Half the population can no longer afford their former lifestyles
Nearly half of German citizens cannot maintain their former lifestyles amid record high inflation, Bloomberg reported on Friday, citing a survey conducted for public broadcaster ARD.
Poll data shows that some 47% said they were strongly cutting back on spending. Among low-income Germans, the proportion of citizens who were forced to tighten their belts was almost 75%. The survey was conducted among 1,337 Germans between May 30 and June 1.
As reported by the Federal Statistical Bureau of Germany, inflation in Europe’s top economy reached a historic high of 8.7% in May, propelled by the costs of energy and food. In order to stabilize the situation, Berlin has come up with a number of measures, including a temporary reduction on fuel taxes and the cost of public transport tickets, but the initiatives have not yet eased the public’s concerns.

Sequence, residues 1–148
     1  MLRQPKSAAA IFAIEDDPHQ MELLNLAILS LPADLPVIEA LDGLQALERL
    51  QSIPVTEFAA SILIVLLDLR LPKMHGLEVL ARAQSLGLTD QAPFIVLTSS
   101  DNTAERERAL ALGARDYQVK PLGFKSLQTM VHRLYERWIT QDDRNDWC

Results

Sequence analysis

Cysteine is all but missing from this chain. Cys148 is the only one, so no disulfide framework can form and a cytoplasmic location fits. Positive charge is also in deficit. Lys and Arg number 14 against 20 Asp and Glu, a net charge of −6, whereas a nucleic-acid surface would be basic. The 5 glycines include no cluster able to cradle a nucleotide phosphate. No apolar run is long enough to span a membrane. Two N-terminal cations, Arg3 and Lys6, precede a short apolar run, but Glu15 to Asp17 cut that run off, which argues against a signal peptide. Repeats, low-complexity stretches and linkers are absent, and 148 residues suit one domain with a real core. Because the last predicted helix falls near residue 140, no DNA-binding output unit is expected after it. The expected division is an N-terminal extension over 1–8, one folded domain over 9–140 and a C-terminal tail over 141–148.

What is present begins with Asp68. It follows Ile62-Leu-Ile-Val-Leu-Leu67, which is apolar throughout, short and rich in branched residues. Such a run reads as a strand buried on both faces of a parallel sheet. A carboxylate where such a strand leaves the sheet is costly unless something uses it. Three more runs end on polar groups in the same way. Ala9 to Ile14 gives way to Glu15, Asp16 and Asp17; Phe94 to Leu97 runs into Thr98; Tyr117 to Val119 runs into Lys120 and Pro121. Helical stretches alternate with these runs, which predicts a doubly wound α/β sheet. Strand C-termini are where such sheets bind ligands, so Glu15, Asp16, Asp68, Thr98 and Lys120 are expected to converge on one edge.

According to the ARD survey, Germans consider the fight against inflation a more urgent task facing the government than the fight against climate change and social inequality. The only bigger problem, according to those polled, is Russia’s military operation in Ukraine, which is partially responsible for the price hike, as the conflict itself, along with the EU’s anti-Russia sanctions and Moscow’s countermeasures, are jeopardizing the supply of grain, fertilizers, and energy to the global market.
According to a recent study from Allianz SE, German households may face additional monthly expenses on food of more than €250 ($268) per person this year, as inflation in the country is expected to be higher than in other EU states. Analysts say this is due to the fact that Germany is more reliant on manufacturing than its EU peers, and thus more susceptible to disruptions in Russian energy supplies.
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